Russia’s expanding influence has raised flags for other Western powers as well. In response to expanding Russian activity in CAR, a former French colony, France and Russia went head-to-head at a UN Security Council meeting while debating the continued provision of UN peacekeeping forces in the country. Russia accused France of putting its national interests ahead of peace efforts in the former colony, while France criticized recent Russian military aid to the country as complicating peace further.

Algeria has been another frequent patron of Russian weapons sales. A $1 billion dollar agreement signed in 2014 commissioned 200 tanks and was described by one military expert as one of the largest deals for tanks in the world. In addition, Algeria has obtained a fleet of Russian-made fighter jets, battleships fitted with Russian-made missiles, and submarines in the years following the 2014 deal. Moscow’s interest in Algeria lies mainly in relation to oil and gas resources, as well as expanding access to global markets.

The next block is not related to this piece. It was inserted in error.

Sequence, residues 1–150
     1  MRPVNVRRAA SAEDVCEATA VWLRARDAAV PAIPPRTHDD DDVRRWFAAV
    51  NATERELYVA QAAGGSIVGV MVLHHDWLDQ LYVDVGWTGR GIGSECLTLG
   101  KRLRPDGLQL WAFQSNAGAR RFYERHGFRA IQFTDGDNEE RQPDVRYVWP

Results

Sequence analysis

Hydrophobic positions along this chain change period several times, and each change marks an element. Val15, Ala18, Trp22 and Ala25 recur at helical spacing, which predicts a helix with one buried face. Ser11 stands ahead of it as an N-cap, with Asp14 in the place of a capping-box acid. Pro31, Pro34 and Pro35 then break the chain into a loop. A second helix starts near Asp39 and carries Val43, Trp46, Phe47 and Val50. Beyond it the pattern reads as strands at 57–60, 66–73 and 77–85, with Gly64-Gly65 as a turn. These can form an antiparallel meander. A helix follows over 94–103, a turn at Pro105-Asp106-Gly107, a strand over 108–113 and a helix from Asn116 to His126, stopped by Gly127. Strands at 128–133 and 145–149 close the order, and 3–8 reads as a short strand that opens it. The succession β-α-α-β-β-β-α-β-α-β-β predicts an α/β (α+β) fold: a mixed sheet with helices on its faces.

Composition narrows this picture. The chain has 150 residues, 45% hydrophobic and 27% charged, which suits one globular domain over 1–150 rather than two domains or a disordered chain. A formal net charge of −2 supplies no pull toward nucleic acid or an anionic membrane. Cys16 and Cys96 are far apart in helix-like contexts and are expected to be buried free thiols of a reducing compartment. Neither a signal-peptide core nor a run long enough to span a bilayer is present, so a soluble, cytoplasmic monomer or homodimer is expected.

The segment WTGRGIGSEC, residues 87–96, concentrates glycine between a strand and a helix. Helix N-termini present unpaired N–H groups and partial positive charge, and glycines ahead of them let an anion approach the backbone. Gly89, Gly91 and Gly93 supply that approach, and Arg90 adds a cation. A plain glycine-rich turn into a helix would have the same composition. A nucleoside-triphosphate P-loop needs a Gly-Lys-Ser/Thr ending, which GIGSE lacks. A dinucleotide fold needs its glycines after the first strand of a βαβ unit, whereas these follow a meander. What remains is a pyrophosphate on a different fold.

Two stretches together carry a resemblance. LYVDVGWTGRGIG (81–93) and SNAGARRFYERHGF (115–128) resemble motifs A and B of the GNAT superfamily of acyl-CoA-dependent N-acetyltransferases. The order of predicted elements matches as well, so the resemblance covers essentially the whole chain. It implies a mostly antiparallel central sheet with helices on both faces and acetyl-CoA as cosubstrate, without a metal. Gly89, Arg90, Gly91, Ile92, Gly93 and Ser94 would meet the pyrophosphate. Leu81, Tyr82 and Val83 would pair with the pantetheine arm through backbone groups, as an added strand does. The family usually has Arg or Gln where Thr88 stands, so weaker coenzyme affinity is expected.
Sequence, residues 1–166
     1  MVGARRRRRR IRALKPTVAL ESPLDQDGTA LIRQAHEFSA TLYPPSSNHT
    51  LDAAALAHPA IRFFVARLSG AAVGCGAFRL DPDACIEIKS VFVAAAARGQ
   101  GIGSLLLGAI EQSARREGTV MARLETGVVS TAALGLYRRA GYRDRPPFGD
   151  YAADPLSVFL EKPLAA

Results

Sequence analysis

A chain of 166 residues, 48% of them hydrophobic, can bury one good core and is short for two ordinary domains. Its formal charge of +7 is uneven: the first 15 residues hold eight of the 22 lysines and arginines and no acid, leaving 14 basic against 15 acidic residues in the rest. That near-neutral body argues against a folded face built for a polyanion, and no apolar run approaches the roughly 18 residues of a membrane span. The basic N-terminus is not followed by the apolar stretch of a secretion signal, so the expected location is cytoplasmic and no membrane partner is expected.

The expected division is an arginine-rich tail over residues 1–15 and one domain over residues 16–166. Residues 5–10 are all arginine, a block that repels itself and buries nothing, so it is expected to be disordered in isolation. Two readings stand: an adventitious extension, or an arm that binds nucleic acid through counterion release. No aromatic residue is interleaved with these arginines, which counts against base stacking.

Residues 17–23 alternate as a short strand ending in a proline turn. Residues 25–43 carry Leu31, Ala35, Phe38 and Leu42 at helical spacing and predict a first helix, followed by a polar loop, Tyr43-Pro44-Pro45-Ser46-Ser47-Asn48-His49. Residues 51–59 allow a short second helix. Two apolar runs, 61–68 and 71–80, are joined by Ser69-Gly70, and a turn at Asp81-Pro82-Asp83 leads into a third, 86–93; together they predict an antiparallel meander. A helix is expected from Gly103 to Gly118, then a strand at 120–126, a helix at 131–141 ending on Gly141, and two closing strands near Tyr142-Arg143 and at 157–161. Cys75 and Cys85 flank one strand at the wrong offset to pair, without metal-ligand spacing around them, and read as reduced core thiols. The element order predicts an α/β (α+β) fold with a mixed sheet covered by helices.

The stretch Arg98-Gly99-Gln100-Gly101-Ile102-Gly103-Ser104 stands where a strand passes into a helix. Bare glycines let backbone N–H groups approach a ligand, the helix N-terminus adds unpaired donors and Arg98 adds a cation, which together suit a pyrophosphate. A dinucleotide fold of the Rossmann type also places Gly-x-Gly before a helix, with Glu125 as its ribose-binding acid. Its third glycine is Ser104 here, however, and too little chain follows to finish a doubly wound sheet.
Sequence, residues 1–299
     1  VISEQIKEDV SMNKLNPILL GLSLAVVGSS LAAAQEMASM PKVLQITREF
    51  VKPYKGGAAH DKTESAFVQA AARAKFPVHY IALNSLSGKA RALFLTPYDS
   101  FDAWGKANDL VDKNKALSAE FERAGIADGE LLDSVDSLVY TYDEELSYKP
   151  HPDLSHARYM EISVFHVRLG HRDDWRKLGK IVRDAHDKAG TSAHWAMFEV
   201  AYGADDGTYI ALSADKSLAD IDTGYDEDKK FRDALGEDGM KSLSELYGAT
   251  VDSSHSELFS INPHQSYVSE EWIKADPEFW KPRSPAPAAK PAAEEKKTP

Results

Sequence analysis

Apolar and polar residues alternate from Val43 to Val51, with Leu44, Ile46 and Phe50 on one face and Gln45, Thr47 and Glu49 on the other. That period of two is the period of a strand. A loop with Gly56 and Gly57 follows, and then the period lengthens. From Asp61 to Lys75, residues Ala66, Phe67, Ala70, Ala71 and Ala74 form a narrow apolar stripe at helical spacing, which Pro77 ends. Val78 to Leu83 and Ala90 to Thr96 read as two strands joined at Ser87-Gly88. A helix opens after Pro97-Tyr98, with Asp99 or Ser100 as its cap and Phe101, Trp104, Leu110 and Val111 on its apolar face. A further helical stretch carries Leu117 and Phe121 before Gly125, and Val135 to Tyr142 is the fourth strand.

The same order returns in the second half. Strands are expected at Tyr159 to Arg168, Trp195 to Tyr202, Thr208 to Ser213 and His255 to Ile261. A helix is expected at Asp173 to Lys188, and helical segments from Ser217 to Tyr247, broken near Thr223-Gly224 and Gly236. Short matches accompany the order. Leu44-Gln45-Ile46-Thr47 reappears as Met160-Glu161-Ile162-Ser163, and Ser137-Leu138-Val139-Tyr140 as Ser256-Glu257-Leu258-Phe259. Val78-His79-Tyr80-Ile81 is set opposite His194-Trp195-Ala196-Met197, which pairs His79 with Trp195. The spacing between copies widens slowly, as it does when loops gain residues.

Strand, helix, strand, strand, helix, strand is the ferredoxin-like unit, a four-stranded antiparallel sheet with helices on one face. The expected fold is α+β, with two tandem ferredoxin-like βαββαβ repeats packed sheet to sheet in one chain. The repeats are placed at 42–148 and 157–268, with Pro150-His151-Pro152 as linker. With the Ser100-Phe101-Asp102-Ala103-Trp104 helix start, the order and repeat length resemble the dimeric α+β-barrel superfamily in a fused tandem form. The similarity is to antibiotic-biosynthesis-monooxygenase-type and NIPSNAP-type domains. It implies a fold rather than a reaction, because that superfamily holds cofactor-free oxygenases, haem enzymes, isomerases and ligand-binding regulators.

Last year alone, Russia secured agreements with Guinea, Burkina Faso, Burundi, and Madagascar. Moscow has also increased relations with US allies in the region, namely Egypt. In 2018, Egypt signed a $2 billion deal to purchase 35 Russian fighter jets. In addition, Russian strategy has extended to focus on the expansion of military bases. Russian access to the Mediterranean Sea and the Red Sea have been secured through deals with Libya, Eritrea, and Sudan.

Moscow has been increasingly interested in fostering relations with countries that have been isolated by Western powers as well. For countries like Burundi, in which the EU suspended direct foreign aid to the government in 2016 due to the ongoing political crisis, monetary and military support for Russia is extremely attractive. Russian interest in expanding military bases on the continent to secure emerging natural resource and arms markets. The United States military influence in the region is fairly small, but its provision of foreign aid bolsters its influence extensively. A report by the Institute for the Study of War explained Russia’s reach as a direct threat to US hegemony. In particular, the Russian strategic acquisition of the Suez Canal and the Bab al-Mandeb Strait, two important chokepoints, would be a blow to US influence in the region.